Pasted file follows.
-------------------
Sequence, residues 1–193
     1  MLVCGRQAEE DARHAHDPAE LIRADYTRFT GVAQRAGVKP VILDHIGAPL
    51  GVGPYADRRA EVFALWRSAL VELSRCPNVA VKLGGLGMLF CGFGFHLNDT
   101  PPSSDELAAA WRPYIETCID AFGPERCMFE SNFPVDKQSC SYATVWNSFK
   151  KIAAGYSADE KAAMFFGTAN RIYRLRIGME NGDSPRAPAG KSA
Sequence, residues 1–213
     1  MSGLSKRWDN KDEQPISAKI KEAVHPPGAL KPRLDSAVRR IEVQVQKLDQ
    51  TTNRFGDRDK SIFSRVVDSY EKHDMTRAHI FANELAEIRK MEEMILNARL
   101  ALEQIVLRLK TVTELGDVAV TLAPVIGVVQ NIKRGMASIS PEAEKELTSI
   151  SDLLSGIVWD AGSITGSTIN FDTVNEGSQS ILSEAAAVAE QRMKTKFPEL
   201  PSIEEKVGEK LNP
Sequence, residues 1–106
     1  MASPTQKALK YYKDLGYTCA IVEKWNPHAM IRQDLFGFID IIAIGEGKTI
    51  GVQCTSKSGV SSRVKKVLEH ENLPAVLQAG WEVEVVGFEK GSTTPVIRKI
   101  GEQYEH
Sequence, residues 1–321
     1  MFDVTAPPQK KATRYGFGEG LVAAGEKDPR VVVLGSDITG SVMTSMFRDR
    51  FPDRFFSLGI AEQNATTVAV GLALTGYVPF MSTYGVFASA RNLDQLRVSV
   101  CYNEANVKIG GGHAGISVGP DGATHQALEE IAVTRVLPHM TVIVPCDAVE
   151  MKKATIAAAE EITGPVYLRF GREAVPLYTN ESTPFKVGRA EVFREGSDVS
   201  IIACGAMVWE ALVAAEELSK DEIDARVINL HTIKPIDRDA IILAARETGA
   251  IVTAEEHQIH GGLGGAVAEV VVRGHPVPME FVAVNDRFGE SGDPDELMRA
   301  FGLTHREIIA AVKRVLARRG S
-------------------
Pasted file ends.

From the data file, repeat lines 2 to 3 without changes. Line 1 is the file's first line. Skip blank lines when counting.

     1  MLVCGRQAEE DARHAHDPAE LIRADYTRFT GVAQRAGVKP VILDHIGAPL
    51  GVGPYADRRA EVFALWRSAL VELSRCPNVA VKLGGLGMLF CGFGFHLNDT